Aussie fiscal tightening will pave way for RBA cuts

<p>The Australian Treasurer, Wayne Swan, today released the final budget outcome for the financial year ending 30 June 2012. The good news is the budget […]</p>

The Australian Treasurer, Wayne Swan, today released the final budget outcome for the financial year ending 30 June 2012. The good news is the budget deficit was slightly lower than expected, the bad news is that it has still managed to double to A$43.7bn. No surprise in the market though as this is largely a backward looking number that has been factored in. The commitment to maintain a surplus in 2013 is perhaps more important. The surplus has no bearing on Australia’s credit rating and is largely a token measure, rather than a real effort to reign in the economy. It is an election promise, one which is becoming harder to achieve but the government knows very well that its core strength is economic management and a departure from the surplus pledge would be near fatal politically.

Swan reiterated a 2013 surplus whilst acknowledging that tumbling tax receipts are still taking a toll on the budget. The recent fall in bulk commodity prices in particular means that the government assumptions going into the 2013 financial year and outcomes for receipts are likely to show many large discrepancies. Not only are prices below their highs, but they are below the assumptions used to compile the 2013 numbers in May. So it is ‘back to the drawing board’.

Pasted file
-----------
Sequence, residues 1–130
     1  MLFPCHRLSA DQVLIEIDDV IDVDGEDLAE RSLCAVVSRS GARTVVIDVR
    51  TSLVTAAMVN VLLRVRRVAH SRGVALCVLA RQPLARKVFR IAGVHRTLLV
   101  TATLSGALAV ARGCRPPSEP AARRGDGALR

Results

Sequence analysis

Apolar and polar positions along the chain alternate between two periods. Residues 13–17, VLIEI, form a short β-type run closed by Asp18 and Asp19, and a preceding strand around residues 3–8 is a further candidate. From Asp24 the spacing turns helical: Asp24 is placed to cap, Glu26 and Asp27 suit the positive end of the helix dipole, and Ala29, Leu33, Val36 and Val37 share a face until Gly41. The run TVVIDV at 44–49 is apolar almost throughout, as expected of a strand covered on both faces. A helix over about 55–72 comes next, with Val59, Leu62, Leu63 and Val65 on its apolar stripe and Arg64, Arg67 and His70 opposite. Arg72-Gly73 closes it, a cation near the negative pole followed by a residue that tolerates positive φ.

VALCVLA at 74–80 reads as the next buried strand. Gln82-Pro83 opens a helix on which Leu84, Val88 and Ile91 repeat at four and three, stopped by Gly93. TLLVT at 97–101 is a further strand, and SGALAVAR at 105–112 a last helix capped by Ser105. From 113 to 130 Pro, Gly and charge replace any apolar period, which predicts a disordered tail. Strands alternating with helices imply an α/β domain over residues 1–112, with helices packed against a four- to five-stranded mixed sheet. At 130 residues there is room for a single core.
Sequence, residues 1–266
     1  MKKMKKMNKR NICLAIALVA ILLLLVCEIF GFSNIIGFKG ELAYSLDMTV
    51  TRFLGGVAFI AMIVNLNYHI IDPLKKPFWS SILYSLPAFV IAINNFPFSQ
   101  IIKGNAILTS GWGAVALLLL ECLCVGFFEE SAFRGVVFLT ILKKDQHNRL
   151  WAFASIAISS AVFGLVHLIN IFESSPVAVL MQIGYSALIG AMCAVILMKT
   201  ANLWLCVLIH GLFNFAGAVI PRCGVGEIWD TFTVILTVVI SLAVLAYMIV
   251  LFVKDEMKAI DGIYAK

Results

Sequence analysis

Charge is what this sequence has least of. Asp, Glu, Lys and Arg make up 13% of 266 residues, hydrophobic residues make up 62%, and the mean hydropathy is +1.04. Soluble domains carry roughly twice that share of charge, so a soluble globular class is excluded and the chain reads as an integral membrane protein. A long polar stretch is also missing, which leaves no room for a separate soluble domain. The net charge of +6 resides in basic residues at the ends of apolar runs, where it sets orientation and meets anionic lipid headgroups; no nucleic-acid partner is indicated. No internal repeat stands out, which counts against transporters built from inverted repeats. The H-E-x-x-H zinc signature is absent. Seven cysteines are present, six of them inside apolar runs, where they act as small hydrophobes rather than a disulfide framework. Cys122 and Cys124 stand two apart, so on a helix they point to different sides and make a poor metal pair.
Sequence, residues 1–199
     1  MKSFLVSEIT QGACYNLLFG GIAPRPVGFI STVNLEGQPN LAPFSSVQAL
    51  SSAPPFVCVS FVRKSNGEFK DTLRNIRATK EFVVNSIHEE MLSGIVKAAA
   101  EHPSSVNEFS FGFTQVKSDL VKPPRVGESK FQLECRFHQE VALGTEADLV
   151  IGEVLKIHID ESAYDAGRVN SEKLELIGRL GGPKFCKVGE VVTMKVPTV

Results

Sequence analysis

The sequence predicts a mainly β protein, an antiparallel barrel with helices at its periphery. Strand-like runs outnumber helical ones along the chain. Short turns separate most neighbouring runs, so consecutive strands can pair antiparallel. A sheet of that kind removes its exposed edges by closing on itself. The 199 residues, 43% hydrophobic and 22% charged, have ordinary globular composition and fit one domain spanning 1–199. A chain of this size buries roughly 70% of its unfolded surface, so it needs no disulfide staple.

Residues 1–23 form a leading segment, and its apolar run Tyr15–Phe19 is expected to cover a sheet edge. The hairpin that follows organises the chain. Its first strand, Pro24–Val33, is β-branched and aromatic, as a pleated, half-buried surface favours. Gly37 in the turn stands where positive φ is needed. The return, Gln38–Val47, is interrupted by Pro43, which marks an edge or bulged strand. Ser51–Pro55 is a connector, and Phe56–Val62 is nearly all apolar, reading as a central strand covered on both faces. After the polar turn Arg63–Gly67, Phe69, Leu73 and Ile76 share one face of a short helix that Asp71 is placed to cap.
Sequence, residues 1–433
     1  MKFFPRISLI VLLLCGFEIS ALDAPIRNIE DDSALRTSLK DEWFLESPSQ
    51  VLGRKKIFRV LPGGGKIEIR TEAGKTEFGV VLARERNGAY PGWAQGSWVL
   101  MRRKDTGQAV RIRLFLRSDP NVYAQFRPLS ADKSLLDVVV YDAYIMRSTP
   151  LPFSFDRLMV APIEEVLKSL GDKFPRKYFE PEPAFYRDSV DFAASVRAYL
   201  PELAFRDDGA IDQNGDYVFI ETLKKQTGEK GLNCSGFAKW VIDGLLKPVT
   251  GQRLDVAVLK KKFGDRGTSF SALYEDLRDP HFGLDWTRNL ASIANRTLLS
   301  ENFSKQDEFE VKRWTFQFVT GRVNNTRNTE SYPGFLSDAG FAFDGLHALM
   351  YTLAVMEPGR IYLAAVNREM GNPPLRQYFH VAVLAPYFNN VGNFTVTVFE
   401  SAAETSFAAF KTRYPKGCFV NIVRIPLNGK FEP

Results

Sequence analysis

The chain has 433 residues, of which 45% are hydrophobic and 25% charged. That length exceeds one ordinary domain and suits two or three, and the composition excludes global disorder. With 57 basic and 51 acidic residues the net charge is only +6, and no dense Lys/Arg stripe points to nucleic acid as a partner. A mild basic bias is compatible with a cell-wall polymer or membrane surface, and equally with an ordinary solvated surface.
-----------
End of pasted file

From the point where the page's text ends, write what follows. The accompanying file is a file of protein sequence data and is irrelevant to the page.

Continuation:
What does the Treasurer do if the income side of the equation is not performing and the net outcome needs to be maintained, mainly for political reasons? Cut the expenditure – this was reaffirmed by Swan today. The cuts need to be large enough to balance the books, we will get a better idea of where they are targeted in the mid year review due sometime in November. With the government cutting back its expenditure, the Reserve Bank of Australia is better placed than ever to provide more monetary easing. Next month’s meeting is shaping up to be very interesting – not only will the RBA have to acknowledge the impact of mining related expenditure being pushed back, but also a very firm government commitment to cut spending in order to achieve a surplus budget outcome.

Despite all the noise around the budget outcome, Australia still enjoys some of the most attractive public credit metrics when taking the size of its economy into consideration. While the rest of the northern hemisphere struggles to contain spiralling sovereign debt, yet alone strive to balance budgets, Australia’s debt is likely to peak at around one tenth of the major advanced economies before falling near zero by the end of this decade. The chart below was published by Swan today on his official Twitter feed (@SwannyDPM).  At first glance it provides comfort for Australians in general to see their debt situation in context. But on deeper consideration, one can’t help but wonder at what advantage low debt really comes, if the sovereign problems of the others on the chart will always have an impact on the Australian economy.

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